Kawhi Leonard is the kind of player for whom NBA teams should risk everything.
Almost 400 players since 2015-16 have logged at least 1,500 total minutes. Leonard ranks second among that massive field in win shares per 48 ticks, trailing only Stephen Curry. He has a pair of top-three MVP finishes to his name during that time, and his 2014 NBA Finals MVP and two Defensive Player of the Year awards continue to speak for themselves.
He is, in a vacuum, worth mortgaging the future on—a top-five talent that franchises spend years, sometimes decades, trying to draft, or sign, or acquire via trade.
But the NBA doesn’t exist in a vacuum, so Leonard’s value cannot either. His objective standing is marred and manipulated and even envenomed by the subjective.
The entire league knows Leonard’s relationship with the San Antonio Spurs is damaged, perhaps beyond repair. He will enter free agency in 2019 after declining his player option, making him either an expensive investment or one-year rental for his next team. He appeared in just nine games last season while rehabilitating from a right quad injury that remains something of a mystery, both in its severity and prognosis.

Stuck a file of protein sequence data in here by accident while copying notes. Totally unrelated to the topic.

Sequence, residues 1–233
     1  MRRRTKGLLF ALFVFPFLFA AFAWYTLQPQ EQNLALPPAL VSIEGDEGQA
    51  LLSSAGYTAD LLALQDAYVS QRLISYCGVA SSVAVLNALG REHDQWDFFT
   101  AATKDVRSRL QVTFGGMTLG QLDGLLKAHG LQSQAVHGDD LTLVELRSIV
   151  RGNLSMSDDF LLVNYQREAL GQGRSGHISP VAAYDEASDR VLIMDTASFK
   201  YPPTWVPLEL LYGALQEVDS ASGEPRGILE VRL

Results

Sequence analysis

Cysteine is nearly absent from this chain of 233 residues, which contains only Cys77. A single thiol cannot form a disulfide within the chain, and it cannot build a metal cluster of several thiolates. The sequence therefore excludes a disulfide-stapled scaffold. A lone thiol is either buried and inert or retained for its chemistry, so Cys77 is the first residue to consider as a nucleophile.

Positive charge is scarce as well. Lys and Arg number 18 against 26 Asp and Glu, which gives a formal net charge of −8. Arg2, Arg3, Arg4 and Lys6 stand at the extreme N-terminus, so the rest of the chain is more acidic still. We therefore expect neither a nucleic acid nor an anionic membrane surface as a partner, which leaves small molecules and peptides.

Leonard’s seesawing list of preferences isn’t helping matters. ESPN.com’s Adrian Wojnarowski reported that he remains focused on joining the Los Angeles Lakers following their addition of LeBron James. Yahoo Sports’ Shams Charania refuted as much during a recent appearance on Fox Sports’ The Herdwith Colin Cowherd (h/t RealGM). He called Leonard’s interest in playing with James “overstated” and cited the Los Angeles Clippers as the more intriguing destination.
Wojnarowski has since kiboshed the Clippers angle. As he said to ESPN’s Bobby Marks on The Woj Pod: “I think initially the idea of L.A. was fine to him. He preferred the Lakers but was open to the Clippers. But now that LeBron is in L.A., I think the idea of going head-to-head with LeBron—to have you with the Clippers, him with the Lakers, and to maybe feel dwarfed by that is…I’m told that’s become far less appealing to him.”